Avoiding Terminations, Single-Offer Competition, and Costly Changes with Fixed-Price Contracts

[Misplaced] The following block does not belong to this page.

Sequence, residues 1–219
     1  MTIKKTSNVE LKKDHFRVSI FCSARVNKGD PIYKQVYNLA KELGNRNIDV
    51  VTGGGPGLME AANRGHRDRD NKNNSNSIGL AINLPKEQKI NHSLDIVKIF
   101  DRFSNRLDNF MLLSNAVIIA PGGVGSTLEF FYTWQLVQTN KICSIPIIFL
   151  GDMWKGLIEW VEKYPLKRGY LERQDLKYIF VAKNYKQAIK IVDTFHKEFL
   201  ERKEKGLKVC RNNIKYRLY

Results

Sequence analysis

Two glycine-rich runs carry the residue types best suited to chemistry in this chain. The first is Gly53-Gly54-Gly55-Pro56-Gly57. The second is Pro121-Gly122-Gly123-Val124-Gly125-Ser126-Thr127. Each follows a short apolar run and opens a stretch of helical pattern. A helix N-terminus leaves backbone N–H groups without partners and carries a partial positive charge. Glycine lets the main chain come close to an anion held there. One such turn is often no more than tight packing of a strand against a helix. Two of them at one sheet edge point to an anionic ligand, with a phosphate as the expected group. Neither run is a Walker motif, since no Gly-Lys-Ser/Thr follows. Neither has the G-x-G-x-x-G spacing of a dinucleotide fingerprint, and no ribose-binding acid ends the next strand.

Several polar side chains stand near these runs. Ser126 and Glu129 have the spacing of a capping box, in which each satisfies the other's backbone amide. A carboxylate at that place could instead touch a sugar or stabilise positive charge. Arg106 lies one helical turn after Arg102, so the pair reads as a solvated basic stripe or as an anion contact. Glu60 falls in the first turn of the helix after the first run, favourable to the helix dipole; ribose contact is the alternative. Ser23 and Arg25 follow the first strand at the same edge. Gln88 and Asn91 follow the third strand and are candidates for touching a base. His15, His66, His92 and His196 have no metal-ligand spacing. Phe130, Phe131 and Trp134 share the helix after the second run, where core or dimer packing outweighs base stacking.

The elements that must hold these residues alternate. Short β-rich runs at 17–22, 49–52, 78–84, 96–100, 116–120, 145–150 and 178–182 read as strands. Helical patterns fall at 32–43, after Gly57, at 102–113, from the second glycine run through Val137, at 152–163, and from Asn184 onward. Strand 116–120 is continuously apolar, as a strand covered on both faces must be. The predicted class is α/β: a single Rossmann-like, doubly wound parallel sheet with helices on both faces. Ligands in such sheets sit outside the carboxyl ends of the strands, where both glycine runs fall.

Contracts that are fixed-price provide the benefit of cost control and certainty but are less likely to succeed when uncertainty exists regarding other contract requirements. Their use remains contentious in certain areas of defense acquisition, such as development, and existing acquisition literature largely fails to provide empirical foundations that would guide contracting officers in choosing between fixed-price and cost-based mechanisms. This study seeks to illuminate this debate by testing several hypotheses regarding relationships between contract characteristics and fixed-price contract performance. Here, performance is measured across four dependent variables, in the form of contract characteristics relevant to the risks and potential benefits of fixed-price contracts: the number of offers received for competed contracts, the number of change orders per contract, the extent to which change orders raised the contract, and whether the contract was terminated.